By Amanda N. Wegner

Artificial intelligence (AI) has the power to become a transformative force in the meetings and events planning industry. As planners navigate a space that craves personalized analog experiences, but embraces technological advancements, harnessing the power of AI can help elevate their craft.

“This is an exciting time for our world,” says Naomi Tucker, CMP, owner of Planners on Purpose. “We are evolving and AI is the driver for this evolution. Being an event professional who is dedicated to burnout prevention, I can only hope that event professionals use these tools in an effort to take the heaviness out of their jobs so that we can move forward more efficiently.”

While AI tools enjoyed a near-meteoric rise in 2023, adoption hasn’t been as quick in the meetings and events space. In a fall 2023 survey of nearly 600 planners and suppliers, Ovation Global DMC found that while 50% of respondents are of aware AI’s power, only 12% are “extensively using it” and 21% have used some tools. However, according to the American Express 2024 Global Meetings and Events Forecast, using AI to tailor communications with event attendees is becoming more common: 42% of survey respondents say they expect to use AI in 2024.

Get Started with AI

The best way to get started using AI, says Tucker, is simple: Use it.

“With any change that has occurred in our society over time, those who win are those who put in the hard work in the beginning to learn the nuances of the change happening,” says Tucker. “I believe if planners take the opportunity now to learn how to integrate AI into their workday in a way that empowers them, expands their impact and gives them more ease, we will see our industry go through an amazing evolution.”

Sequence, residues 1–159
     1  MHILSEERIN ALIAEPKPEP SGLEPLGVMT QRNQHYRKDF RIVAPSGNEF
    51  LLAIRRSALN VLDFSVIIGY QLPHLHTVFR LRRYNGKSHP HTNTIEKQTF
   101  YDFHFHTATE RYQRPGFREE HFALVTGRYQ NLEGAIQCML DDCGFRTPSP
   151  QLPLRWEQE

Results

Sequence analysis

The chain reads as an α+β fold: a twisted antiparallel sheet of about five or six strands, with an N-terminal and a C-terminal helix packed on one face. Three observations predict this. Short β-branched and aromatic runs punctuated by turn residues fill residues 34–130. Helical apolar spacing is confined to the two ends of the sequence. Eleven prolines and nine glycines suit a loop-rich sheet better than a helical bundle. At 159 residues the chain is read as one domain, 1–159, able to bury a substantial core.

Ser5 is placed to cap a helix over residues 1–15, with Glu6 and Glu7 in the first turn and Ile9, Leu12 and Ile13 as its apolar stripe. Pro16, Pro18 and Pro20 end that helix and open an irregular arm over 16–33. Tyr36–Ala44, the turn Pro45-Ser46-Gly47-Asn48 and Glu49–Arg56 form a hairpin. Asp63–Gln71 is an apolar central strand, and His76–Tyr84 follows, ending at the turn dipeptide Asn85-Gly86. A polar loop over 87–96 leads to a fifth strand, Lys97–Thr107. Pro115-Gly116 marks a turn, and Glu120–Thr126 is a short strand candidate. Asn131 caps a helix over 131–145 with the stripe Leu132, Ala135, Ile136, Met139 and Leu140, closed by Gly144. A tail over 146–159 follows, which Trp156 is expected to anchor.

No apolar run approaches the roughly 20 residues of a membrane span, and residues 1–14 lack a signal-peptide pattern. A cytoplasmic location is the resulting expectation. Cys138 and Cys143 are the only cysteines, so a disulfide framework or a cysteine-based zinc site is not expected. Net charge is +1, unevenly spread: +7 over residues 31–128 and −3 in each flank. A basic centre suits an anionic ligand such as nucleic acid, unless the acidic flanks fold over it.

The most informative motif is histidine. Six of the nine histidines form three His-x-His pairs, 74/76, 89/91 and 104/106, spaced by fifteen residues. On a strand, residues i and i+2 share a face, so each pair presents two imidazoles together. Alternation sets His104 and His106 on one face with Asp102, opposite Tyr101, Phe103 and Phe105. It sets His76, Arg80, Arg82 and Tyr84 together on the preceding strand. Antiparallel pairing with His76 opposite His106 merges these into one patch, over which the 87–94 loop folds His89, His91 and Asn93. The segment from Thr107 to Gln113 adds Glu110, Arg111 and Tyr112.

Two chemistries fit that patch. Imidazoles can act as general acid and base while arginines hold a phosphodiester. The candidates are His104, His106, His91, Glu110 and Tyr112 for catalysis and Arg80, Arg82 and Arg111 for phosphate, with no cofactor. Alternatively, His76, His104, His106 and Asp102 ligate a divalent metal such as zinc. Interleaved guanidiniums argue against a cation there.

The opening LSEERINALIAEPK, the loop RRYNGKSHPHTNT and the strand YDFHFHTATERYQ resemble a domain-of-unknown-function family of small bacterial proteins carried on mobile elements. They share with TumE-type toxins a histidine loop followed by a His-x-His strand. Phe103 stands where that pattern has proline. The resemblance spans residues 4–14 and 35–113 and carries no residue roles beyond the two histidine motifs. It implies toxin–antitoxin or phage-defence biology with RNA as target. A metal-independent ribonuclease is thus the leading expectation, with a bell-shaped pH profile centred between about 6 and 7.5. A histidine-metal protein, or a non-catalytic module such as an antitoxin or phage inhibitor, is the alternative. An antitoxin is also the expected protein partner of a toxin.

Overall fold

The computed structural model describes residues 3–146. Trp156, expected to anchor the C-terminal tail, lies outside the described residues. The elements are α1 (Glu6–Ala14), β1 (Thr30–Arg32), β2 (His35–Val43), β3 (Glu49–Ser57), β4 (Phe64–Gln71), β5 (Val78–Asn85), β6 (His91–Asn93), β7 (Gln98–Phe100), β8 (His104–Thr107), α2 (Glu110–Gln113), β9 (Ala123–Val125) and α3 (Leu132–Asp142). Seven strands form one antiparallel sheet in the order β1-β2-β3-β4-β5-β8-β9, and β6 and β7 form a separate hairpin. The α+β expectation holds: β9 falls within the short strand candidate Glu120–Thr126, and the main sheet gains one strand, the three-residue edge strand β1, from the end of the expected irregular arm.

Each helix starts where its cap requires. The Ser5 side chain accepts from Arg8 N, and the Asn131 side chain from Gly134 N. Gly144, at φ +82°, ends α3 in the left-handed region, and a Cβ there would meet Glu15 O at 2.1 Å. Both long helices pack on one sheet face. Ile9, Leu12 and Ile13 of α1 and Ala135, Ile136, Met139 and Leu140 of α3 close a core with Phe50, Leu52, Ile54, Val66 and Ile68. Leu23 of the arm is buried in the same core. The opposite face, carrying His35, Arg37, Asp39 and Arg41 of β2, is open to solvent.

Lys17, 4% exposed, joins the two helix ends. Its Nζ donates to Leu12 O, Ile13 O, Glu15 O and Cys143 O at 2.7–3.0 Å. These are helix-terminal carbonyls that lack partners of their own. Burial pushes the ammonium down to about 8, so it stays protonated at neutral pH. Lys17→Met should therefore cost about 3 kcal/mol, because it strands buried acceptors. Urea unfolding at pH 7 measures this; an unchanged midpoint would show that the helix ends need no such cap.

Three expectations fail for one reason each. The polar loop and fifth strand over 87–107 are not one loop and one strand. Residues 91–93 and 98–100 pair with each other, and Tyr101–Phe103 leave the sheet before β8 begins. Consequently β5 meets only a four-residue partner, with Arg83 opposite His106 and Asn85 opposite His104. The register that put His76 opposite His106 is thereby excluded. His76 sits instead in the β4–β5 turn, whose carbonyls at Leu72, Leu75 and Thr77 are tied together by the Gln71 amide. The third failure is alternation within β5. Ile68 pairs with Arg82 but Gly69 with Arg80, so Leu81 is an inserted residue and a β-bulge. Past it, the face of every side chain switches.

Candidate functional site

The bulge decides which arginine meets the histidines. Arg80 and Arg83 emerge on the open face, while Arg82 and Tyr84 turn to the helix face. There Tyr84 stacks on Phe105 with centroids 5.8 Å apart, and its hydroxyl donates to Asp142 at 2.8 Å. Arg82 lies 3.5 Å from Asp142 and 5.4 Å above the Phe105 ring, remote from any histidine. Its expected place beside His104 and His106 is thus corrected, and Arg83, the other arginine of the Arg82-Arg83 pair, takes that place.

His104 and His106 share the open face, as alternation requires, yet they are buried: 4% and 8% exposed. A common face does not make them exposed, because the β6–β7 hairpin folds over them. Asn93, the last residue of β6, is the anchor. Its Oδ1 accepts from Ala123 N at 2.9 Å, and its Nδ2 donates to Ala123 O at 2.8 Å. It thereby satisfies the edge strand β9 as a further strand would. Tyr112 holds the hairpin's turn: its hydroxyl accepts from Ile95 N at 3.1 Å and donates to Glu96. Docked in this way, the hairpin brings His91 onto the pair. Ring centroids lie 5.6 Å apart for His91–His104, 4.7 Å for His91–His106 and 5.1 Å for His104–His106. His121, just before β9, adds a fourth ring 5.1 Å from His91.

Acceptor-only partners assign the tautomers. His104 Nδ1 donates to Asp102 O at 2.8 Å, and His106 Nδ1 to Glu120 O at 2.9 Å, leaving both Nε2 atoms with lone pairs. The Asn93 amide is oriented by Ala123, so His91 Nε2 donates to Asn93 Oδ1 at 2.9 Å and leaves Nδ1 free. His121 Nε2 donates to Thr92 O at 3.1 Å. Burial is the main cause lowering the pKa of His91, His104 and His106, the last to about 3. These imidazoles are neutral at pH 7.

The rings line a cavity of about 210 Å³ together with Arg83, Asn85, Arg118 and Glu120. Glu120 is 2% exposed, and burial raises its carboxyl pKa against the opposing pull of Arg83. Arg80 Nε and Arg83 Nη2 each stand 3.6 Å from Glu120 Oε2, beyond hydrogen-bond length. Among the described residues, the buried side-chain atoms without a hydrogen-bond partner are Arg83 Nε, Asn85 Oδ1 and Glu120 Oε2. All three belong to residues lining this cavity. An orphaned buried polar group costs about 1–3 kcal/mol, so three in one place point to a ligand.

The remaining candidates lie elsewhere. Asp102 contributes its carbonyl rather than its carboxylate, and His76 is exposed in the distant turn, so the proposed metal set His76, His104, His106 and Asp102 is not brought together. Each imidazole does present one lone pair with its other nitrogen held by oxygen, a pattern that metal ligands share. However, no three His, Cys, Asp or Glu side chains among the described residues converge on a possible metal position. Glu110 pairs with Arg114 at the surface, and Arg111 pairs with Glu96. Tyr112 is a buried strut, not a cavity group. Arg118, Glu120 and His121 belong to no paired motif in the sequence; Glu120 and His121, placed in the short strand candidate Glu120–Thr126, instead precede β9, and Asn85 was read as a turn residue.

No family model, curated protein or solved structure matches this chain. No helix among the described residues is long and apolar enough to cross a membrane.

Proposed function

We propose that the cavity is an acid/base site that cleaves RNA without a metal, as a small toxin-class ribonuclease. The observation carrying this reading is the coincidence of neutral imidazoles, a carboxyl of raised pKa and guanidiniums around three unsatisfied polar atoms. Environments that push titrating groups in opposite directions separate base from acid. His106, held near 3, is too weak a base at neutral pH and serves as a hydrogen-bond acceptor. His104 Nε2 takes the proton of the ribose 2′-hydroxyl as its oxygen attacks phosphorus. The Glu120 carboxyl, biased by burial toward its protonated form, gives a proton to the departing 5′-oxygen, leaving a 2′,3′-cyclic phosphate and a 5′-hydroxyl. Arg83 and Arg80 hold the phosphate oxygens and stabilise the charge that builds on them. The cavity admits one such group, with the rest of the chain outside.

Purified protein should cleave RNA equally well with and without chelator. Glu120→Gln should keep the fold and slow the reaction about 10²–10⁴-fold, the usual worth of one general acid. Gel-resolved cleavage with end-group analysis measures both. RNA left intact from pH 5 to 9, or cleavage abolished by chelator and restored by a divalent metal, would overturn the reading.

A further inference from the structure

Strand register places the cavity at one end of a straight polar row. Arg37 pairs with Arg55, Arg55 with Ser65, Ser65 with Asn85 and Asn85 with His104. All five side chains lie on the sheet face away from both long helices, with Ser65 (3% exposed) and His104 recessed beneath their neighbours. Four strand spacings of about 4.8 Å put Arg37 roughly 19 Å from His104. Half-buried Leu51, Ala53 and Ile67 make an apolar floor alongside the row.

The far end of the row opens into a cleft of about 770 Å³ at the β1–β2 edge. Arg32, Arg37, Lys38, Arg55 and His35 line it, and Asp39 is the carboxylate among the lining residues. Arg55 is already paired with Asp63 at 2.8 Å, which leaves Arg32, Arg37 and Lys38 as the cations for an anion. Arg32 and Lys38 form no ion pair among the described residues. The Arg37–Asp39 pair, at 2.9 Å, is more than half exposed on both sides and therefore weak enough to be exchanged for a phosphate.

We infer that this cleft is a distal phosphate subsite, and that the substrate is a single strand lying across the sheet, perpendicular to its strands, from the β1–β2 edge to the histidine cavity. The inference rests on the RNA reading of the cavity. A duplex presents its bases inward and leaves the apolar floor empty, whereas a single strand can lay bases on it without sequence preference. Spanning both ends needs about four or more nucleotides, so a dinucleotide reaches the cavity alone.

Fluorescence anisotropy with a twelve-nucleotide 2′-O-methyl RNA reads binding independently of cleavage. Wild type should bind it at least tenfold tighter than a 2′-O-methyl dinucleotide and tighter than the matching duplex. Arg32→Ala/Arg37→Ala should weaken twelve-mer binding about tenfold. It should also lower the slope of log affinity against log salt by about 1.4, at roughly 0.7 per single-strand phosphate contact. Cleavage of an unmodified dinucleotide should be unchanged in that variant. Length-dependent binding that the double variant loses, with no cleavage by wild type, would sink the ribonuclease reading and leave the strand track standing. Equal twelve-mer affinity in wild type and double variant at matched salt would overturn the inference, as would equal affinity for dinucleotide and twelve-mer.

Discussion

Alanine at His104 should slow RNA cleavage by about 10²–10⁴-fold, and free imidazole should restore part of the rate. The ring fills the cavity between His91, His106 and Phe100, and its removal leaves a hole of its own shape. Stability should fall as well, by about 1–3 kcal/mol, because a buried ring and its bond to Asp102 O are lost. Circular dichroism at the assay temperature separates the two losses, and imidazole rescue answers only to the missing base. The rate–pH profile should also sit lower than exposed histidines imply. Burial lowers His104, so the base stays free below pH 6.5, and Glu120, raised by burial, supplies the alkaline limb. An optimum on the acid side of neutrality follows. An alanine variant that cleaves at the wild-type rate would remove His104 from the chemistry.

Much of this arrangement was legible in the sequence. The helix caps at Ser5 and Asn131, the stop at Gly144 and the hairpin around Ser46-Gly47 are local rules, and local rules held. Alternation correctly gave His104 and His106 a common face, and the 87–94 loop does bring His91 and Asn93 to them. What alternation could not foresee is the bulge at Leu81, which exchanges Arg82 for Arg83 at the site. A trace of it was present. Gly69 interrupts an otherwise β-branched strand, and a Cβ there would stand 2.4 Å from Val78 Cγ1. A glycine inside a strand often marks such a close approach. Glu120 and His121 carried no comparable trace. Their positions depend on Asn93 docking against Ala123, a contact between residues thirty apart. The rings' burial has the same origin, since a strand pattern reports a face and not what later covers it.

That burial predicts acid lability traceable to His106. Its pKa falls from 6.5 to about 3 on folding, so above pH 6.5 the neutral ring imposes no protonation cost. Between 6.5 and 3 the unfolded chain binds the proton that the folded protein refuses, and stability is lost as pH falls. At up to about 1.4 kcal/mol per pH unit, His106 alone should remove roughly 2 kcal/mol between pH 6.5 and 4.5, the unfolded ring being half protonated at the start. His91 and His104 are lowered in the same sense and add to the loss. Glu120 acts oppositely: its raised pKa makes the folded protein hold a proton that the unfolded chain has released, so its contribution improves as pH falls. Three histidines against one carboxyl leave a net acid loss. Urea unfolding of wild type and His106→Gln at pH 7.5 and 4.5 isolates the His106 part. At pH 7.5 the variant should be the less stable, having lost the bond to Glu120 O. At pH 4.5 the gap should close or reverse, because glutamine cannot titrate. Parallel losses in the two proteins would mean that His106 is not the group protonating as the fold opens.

From automating tasks to improving efficiency to optimizing operations, following are some options for utilizing AI for events and available tools.

For Ideation and Efficiency

Tools like ChatGPT and Google Bard, AI-powered chatbots that use natural language processing (NLP) and the open internet to generate human-like responses to text-based queries, are great for brainstorming.

“I’ve had the opportunity to see planners use AI for ideation to co-create marketing copy, and I have also seen them use platforms that make things a bit easier for them,” says Tucker. “Many times, we get stuck with getting started, so I’ve learned that a simple prompt can really get me started.”

Event software platforms are also including built-in AI-powered ideation tools. For instance, Remo, a virtual meeting platform, offers several AI idea generators to help guide planning. In 2023, Cvent launched its AI Writing Assistant, which can suggest content for event emails, websites and more.

Perhaps one of the industry’s most exciting new options is Project Spark, a generative AI engine created by the Professional Convention Management Association (PCMA) and event technology provider Gevme. Designed specifically for event professionals, Project Spark offers built-in AI prompts that help save time, kickstart meeting assets, draft marketing materials and more. It offers free and paid accounts.

“Properly channeled, AI has the potential to empower each of us to accelerate innovation and progress for our audiences, our businesses and our careers,” PCMA President and CEO Sherrif Karamat, CAE, said in a May 2023 announcement.

For Note-Taking and Transcription